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Olivier MESSIAEN (1908-1992)
Des canyons aux étoiles (From the canyons to the stars) (1972-1974)
Tzimon Barto (piano); John Ryan (horn); Andrew Barclay (xylorimba); Erika Öhman (glockenspiel)
London Philharmonic Orchestra/Christoph Eschenbach
rec. live, 2 November 2013, Royal Festival Hall, London, UK
Reviewed as a 24/96 download from
Pdf booklet included

Commissioned to celebrate the bicentenary of America’s Declaration of Independence Messiaen’s Des canyons aux étoiles is one of a trio of late, great works that includes his opera Saint-François d'Assise (1975) and the orchestral Éclairs sur l'au-delà … (1988-1992). In between he composed Livre du Saint Sacrement for organ (1984), the UK premiere of which I was privileged to attend. Jennifer Bate, well known for her advocacy of Messiaen’s organ works, was as splendid as ever; indeed, that one event deepened – nay, cemented – my affection and respect for this composer’s unique oeuvre.

Thirty years on and we’re back at the refurbished Festival Hall with Des canyons aux étoiles. I was a little surprised to see Christoph Eschenbach at the helm, for he’s not a conductor I associate with this repertoire. Myung-Whun Chung, though, is steeped in this music, all of which is available in a 32-CD box from DG (review). Up until now his recording of Canyons – much praised by Hubert Culot back in 2003 – has been my preferred version. While Esa-Pekka Salonen on CBS/Sony (review) is blessed with a fine pianist, the Messiaen specialist Paul Crossley, I just don’t find this conductor terribly engaging at the best of times. As a result I've excluded him from my list of comparative versions.

Those two recordings of Canyons have dominated the catalogue for a while now, although one shouldn’t overlook Sylvain Cambreling’s 2007 account for Hänssler, only available as part of an 8-CD traversal of Messiaen’s complete orchestral music (CD93.225). He directs the SWR Sinfonieorchester Baden-Baden und Freiburg, whose Mahler cycle with Michael Gielen is one of the finest in the catalogue. Although Cambreling’s account of the Berlioz Requiem was very disappointing his Messiaen is anything but.

The tripartite Des canyons aux étoiles is actually scored for fairly modest forces, among them the usual array of percussion instruments, a wind machine and Messiaen’s own invention, the geophone. There are four soloists – horn, piano, xylorimba and glockenspiel – who distinguish themselves in all three of the recordings under consideration here. Eschenbach’s is the only live account, but there's no applause at the end and you’d never know there was an audience. The recording is detailed and spacious, and the LPO play with a seamless concentration that can’t fail to impress.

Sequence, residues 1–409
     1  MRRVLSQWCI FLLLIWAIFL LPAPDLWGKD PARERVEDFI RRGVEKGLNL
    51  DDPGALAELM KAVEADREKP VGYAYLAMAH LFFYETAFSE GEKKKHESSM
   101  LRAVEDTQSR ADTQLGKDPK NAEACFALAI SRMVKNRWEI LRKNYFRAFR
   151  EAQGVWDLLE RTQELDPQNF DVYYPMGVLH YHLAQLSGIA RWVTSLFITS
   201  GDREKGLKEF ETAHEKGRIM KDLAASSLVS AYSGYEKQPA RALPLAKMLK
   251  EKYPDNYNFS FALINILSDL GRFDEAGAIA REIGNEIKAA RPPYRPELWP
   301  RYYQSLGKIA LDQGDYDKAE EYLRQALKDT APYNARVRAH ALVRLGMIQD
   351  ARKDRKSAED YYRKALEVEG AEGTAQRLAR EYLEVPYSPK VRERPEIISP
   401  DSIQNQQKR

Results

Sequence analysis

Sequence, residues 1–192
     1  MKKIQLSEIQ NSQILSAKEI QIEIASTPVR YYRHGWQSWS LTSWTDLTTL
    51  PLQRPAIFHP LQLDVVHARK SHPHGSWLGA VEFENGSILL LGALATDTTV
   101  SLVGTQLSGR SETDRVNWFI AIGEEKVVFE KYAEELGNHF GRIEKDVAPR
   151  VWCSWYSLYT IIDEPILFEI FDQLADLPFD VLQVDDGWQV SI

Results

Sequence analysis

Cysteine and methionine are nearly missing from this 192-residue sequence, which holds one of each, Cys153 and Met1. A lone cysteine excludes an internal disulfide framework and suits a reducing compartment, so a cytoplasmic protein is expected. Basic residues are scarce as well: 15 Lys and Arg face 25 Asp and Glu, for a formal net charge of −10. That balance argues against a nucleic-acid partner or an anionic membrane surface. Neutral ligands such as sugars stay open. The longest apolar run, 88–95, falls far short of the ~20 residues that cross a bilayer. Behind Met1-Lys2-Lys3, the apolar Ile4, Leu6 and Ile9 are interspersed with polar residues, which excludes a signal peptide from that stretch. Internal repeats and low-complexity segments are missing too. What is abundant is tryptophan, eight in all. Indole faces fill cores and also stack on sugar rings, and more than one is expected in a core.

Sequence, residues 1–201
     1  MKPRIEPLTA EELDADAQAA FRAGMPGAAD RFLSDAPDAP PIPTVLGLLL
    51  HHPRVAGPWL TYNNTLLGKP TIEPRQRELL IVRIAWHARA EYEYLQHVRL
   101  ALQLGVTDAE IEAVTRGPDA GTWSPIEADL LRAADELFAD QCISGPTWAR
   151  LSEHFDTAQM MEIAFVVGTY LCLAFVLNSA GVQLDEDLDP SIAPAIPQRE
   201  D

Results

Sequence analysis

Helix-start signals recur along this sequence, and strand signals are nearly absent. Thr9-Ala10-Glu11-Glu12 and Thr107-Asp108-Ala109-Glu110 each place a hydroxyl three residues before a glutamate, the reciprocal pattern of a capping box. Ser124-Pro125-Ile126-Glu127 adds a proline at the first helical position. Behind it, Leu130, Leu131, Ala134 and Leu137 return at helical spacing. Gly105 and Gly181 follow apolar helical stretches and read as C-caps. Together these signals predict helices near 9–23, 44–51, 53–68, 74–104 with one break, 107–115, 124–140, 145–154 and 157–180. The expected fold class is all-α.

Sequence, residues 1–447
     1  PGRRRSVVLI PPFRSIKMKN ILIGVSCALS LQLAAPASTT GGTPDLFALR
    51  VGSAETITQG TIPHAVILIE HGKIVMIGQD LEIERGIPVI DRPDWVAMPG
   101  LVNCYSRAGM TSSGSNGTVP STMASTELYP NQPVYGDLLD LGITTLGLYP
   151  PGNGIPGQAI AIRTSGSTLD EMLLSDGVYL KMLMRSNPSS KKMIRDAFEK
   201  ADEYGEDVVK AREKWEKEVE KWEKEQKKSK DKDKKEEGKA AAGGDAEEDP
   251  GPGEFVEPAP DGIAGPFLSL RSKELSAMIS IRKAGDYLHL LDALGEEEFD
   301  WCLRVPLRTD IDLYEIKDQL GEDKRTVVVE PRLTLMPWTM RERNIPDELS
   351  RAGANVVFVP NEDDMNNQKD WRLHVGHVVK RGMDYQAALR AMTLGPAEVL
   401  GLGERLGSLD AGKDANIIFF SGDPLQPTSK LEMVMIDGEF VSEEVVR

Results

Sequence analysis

Chung’s fine-spun Bastille orchestra are even more communicative; they respond with a rapt intensity that’s utterly right in a slow but profoundly moving odyssey such as this. The DG recording is forensic without being bright or sterile and instrumental timbres are seldom less than ravishing. The LPO sound is very good too, and there’s a wonderful sense of atmosphere throughout. That said, it’s Chung and Cambreling who convey something deeper – call it spirituality if you must – which takes the music-making to another plane entirely.

That’s especially true of Cambreling and his German band, who cast a potent spell that’s sustained from the first note to the last. The Hänssler recording is remarkably sophisticated, which ensures that the composer’s beloved birds are heard at their vibrant best; also, instrumental decay – a vital part of this music – is thrillingly caught. As if that weren't accolade enough Messiaen's glorious epiphanies emerge with just the right sense of scale and emphasis. Eschenbach doesn’t disappoint either, but for sheer frisson the two studio recordings are hard to beat. In all three versions the more lurid music of Bryce Canyon and the red-orange rocks is sensitively handled, with none of the unsettling shriek and fart one hears in Turangalîla, for instance.

My affection for Chung’s recording is undiminished, even if there’s a hint of stasis at times. Eschenbach certainly manages to keep the narrative thread intact, but his calm, clear-eyed approach is not as penetrating, as revelatory, as I'd like. Still, I’m delighted to add his Canyons to my hallowed stash, for it’s very accomplished indeed. Throw in good liner-notes by Nigel Simeone and you have a well-presented package. Incidentally, while the 24-bit files are excellent those who opt for the 16-bit alternative won't be disappointed.

If I had to choose just one recording of this radiant masterwork it would have to be Cambreling’s; normally I’d hesitate to use the word definitive, but such are the wonders of his performance that nothing else will do. The drawback is that it’s only available as part of that 8-CD set. Actually that needn’t be a problem, for it’s the perfect excuse to buy the well-priced box and revel in all its riches.

Eschenbach’s keen and sympathetic Canyons is well worth hearing; Cambreling’s is the one to take to your desert island, though.

Dan Morgan

Previous review: Michael Cookson